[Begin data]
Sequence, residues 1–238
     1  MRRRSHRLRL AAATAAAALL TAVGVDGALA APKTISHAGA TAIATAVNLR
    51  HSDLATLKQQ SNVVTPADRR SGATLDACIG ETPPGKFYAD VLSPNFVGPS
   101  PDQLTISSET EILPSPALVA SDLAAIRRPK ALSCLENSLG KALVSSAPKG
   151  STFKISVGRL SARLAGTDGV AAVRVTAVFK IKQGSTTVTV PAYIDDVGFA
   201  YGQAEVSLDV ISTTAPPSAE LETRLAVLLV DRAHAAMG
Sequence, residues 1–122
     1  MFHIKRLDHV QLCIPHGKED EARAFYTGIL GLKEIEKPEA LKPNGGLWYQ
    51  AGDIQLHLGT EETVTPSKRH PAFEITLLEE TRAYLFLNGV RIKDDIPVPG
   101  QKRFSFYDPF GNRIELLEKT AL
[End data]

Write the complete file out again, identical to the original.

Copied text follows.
Sequence, residues 1–238
     1  MRRRSHRLRL AAATAAAALL TAVGVDGALA APKTISHAGA TAIATAVNLR
    51  HSDLATLKQQ SNVVTPADRR SGATLDACIG ETPPGKFYAD VLSPNFVGPS
   101  PDQLTISSET EILPSPALVA SDLAAIRRPK ALSCLENSLG KALVSSAPKG
   151  STFKISVGRL SARLAGTDGV AAVRVTAVFK IKQGSTTVTV PAYIDDVGFA
   201  YGQAEVSLDV ISTTAPPSAE LETRLAVLLV DRAHAAMG
Sequence, residues 1–122
     1  MFHIKRLDHV QLCIPHGKED EARAFYTGIL GLKEIEKPEA LKPNGGLWYQ
    51  AGDIQLHLGT EETVTPSKRH PAFEITLLEE TRAYLFLNGV RIKDDIPVPG
   101  QKRFSFYDPF GNRIELLEKT AL